The poll, as it turns out, entails a complicated exercise known as “weighting,” which the New York Times explains as follows:

Overall results have been weighted to adjust for variation in the sample relating to geographic area, sex, race, Hispanic origin, age, education, marital status and number of adults in the household. Respondents in the landline sample were also weighted to take into account the number of telephone lines at their residence.

There’s nothing new or scandalous about weighting; it goes on all the time. Yet Lavrakas insists that the people who’ll respond to a call-back poll are most likely the type who are fired up about the topic at hand — they’re often at extreme ends of the opinion spectrum. So when the CBS News/New York Times callers started reaching out to respondents from its April survey, it likely got cooperation from the people who are passionate about gay marriage and the like, according to Lavrakas. Using demographic weighting considerations to project from that group to a national picture of public opinion is a reach, he contends.

The “cumulative” effect of the methodological issues in the poll, notes Lavrakas, “would make someone reasonably concerned about the reliability of this [sample] projected to the national population.” That’s an important consideration, too, given that the poll’s findings on the gender gap are “strikingly different” from what other organizations have found, he says.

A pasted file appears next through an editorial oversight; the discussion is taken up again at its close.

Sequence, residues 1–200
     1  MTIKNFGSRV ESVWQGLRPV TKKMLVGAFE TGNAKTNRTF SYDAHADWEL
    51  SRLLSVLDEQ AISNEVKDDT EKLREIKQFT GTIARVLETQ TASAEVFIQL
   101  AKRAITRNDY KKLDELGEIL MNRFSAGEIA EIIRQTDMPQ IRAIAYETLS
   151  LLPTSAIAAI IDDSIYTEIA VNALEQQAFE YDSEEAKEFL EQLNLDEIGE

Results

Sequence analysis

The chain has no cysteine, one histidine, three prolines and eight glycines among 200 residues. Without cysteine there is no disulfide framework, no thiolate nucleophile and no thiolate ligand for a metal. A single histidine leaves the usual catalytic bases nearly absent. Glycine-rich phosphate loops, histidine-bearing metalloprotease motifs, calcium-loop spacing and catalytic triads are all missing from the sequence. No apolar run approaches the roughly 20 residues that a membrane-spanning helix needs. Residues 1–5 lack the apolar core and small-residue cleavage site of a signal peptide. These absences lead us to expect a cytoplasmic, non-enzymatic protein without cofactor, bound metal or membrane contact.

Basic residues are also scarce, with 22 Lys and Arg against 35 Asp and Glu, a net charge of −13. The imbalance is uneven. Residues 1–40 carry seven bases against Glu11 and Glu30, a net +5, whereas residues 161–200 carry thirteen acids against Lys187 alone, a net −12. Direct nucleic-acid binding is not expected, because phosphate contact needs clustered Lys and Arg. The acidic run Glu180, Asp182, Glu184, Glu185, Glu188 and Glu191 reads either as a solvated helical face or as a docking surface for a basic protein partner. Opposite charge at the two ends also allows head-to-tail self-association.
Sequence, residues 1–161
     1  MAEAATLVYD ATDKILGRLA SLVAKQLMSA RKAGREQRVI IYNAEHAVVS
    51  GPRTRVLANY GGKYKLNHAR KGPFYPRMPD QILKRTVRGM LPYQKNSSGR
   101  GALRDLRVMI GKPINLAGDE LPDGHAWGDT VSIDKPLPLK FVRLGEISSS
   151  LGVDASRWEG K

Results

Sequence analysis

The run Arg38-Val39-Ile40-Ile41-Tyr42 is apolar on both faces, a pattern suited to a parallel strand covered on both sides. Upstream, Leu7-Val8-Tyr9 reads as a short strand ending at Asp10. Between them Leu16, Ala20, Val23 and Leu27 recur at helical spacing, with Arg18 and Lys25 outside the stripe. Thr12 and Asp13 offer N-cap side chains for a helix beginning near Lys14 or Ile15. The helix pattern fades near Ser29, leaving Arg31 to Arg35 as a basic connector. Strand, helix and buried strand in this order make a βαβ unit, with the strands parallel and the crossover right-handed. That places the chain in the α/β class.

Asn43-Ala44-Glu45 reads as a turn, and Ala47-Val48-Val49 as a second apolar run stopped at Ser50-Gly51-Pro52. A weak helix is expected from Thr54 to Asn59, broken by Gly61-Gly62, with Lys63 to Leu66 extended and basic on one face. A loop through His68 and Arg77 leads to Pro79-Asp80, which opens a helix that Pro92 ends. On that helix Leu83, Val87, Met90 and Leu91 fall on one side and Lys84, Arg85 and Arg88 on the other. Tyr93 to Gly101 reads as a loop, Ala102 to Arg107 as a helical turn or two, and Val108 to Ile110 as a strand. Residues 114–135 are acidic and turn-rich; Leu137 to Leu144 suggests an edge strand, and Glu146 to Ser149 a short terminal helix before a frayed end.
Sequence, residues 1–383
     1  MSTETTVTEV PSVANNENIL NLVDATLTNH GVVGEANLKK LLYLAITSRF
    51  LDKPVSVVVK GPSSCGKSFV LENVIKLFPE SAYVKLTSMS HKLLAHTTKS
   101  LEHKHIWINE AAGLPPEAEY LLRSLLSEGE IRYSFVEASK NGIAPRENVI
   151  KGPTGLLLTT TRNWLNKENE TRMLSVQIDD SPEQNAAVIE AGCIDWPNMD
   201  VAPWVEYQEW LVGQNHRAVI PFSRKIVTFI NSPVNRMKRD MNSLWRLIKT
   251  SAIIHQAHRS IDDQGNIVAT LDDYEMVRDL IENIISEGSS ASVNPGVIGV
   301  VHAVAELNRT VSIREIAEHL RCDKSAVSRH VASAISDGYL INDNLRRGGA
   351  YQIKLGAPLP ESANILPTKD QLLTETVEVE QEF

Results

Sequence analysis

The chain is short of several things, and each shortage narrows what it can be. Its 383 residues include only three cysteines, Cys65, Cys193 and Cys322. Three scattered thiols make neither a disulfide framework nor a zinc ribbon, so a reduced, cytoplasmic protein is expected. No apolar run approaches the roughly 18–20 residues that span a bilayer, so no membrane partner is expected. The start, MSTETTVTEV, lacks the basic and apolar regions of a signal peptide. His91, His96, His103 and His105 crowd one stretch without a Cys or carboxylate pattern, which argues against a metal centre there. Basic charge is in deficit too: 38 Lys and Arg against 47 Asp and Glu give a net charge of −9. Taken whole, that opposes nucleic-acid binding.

Note that the New York Times doesn’t mention the gender findings when it issued its official defense of the poll, via spokeswoman Eileen Murphy:

We stand by our latest poll with CBS News on same-sex marriage and its use of a call-back survey of respondents from our most recent poll in mid-April. While The Times and CBS regularly conduct fresh random sample surveys on a variety of issues, we occasionally employ a short-term callback method of previous respondents when we are interested in analyzing changes in public opinion on timely subjects, as we did, for example, upon the death of Osama bin Laden. As we pointed out when we published the article, results on subgroups from call back surveys have a larger sampling error.

More directness here would help. If the reference to sampling error on subgroups means that the Times has little faith in the gender-gap findings, why not just say so? I pinged Murphy in search of an explanation. “We’re not going to comment beyond our statement on this.” That’s factual: I failed in my attempts to get several other Times people to comment. Peter Baker, the lead reporter on the polling summary piece, responded this way when I reached him by phone: “You’ll have to talk with someone else.”

CBS News lockstepped with the Times. I sent an e-mail to one of the polling byliners listed on the CBS News report. I got a prompt response — from the PR department, reminding me that press inquiries go straight to them. That reminder came just before this: “CBS News declines to comment.” Message received — CBS News and the New York Times want this story to beat a swift and silent retreat into the archives.

The CBS News/New York Times poll had one moment of glory. For a short stretch there, it was rounded up in the Real Clear Politics poll aggregation machine. But then the Real Clear Politics people pulled it when they realized it was a call-back poll, which isn’t allowed to mingle with fresh national polling. John McIntyre, a founder of Real Clear Politics, says, “Some of the write-ups didn’t make that as clear as they might have.”